Forgiveness in Poetry: David Interviews Robin Gow


David Siew Hii, Shenandoah’s associate poetry editor, interviews poets! To showcase their voices, the questions in the interview were removed, leaving behind only the voice of the writer. In this interview, Robin Gow talks about the ways poetry differs from other art forms and allows more space for contradiction. Read Robin’s poem “Yard Sale” here.


Can you hear me? Ok.


I live in Allentown, like an hour and a half from Philadelphia.


I lived in Queens for a little bit and that was overwhelming just because everything exists, and it’s very busy and expensive.


Sure. I work at an LGBT center. I train people on how to not be terrible to trans people. Which is great but also sometimes tiring.


A lot of my poetry is informed by Pennsylvania. My next collection that I have coming out is about lantern flies, which, they’re invasive to Pennsylvania. A real ecological problem that’s happening.


I think sometimes writing a poem is less about forcing something and more like peeling away the things that you want to do to it. When that happens, I always feel like it’s a good poem.


Like when I’m happy with the poem, it’s released and not something forced.


I’m a very messy poet in the sense that I usually draft very quickly. I get ready for poems, collect my page of notebook paper for observations and thoughts throughout the day. And also while I’m reading other books. So, I have seeds.


Then, when I have time to write poetry—I usually write in the morning—I’ll pluck one of the seeds and write it.


“Yard Sale” is actually from that collection that I was talking about featuring lantern flies. Wait, maybe it’s not. I wrote two very adjacent collections that blended together to make a book.


One was about weeds, and one was about lantern flies, and they do kind of overlap because of shared ideas about what is invasive as well as relationships—what it means to belong in a space.



It started as just one stanza.


I usually view a stanza break as a place where you leap from one idea to another. Or it’s like a turn. And I felt this poem starting outward with the laying of the yard sale out then turning towards an inward yard sale.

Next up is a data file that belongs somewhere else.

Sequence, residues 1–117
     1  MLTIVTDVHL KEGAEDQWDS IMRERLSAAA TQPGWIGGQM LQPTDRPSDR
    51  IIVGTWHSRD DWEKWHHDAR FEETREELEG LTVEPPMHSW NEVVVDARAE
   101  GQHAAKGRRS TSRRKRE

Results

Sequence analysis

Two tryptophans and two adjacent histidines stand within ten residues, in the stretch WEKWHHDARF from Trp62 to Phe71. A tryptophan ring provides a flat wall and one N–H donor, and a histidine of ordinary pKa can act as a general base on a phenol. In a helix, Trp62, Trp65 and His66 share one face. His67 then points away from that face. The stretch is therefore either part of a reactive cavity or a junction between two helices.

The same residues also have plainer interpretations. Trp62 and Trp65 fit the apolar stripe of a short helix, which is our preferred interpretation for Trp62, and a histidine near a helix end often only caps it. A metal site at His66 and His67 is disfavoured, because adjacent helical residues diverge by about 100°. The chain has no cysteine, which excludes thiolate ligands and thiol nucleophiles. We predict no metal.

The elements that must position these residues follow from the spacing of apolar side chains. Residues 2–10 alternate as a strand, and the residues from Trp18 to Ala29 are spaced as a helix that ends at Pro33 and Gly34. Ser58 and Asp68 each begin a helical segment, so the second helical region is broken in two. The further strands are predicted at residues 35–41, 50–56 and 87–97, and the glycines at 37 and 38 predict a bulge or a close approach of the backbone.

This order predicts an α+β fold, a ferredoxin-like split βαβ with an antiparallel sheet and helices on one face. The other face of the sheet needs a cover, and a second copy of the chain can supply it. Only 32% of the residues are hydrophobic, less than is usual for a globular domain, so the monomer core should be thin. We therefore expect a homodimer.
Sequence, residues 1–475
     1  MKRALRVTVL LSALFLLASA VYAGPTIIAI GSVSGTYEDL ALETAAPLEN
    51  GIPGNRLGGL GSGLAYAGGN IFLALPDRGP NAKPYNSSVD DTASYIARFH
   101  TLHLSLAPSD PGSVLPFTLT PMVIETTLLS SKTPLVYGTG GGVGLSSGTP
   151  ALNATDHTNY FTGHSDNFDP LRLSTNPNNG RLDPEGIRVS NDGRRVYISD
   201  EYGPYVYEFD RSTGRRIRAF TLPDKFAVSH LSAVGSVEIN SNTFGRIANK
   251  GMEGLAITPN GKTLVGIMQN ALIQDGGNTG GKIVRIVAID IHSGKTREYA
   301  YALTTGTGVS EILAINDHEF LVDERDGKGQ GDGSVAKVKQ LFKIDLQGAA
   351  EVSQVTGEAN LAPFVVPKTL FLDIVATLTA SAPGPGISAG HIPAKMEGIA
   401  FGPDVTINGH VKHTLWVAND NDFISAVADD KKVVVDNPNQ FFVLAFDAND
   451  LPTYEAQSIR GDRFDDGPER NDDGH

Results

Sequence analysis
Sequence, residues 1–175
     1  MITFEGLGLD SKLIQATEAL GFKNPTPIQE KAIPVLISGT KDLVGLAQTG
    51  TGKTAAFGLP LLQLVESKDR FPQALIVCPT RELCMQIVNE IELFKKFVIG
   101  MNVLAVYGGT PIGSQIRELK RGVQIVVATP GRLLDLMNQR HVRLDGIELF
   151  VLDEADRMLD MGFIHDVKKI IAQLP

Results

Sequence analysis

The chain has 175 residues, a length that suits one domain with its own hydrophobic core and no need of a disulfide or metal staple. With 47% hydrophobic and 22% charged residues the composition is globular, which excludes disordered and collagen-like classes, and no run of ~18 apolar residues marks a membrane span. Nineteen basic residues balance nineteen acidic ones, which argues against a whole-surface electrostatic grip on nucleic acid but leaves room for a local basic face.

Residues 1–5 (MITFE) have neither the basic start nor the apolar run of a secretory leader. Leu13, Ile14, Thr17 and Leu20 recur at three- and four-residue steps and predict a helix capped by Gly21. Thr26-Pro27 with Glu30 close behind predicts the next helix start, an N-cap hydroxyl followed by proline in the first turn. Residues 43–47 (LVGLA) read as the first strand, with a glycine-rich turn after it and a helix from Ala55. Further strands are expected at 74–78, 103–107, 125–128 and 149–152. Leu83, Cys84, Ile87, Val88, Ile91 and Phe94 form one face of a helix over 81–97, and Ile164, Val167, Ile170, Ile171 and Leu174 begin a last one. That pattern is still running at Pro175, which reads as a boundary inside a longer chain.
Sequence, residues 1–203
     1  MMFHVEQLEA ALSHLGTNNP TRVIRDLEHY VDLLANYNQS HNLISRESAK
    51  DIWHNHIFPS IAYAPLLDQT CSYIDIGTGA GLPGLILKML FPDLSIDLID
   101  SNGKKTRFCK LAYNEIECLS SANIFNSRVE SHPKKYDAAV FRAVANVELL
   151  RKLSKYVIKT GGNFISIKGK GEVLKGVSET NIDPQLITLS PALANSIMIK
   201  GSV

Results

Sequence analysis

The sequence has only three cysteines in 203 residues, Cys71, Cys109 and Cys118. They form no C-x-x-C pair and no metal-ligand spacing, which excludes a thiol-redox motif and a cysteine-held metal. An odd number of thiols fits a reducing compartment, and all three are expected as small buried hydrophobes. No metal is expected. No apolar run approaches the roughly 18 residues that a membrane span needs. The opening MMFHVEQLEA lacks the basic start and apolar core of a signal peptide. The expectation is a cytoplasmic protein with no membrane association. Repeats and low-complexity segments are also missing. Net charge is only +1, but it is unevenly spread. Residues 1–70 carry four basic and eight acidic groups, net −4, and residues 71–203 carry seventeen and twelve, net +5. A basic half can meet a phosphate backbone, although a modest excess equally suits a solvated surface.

It turns from those material things to moving towards ideas of self within a family or self within gender.


I will say if I’m being honest that I really enjoy a two-stanza poem because I think that it can kind of give space to tease out two ideas.


My intro to poetry has always been spoken word.


My brain usually just sees a line break a little bit differently, almost like an accelerator and less often like a pause. So, there’s always tension for me in what the line break means. Because I think it means something different to different readers depending on what people bring with them into a poem.


I think that sometimes poets have a subject that they continue to write about.


And for me that that’s usually gender. Um. I think it’s just interesting how you can’t really control, always, what a poem wants to give you, even if you’re approaching a different subject.


Favorite part about being a poet? I think poetry is one of the most forgiving art forms. And I really like that. It permits you a lot of space.


It feels so welcoming to discovery in a way that other forms don’t.


In a world where a lot of times my disabilities might have been bad, I think that oftentimes things that happen in my brain are actually generative and create more space for exploring an idea.


And there’s the general permission to not have to be cohesive when the world always asks us to be cohesive all the time and it’s so exhausting.


Yeah, poetry feels like a place where you can hold contradictions more than I think other art forms.


For further reading, Robin recommends:

Fifteen Dogs by André Alexis

bestiary by Donika Kelly

feeld by Jos Charles

any text by CA Conrad

Robin Gow (they/fae/it pronouns) is a trans poet and witch author from rural Pennsylvania. Fae is the author of several poetry books, an essay collection, YA, and middle-grade novels in verse, including A Million Quiet Revolutions (FSG Books for Young Readers, 2022).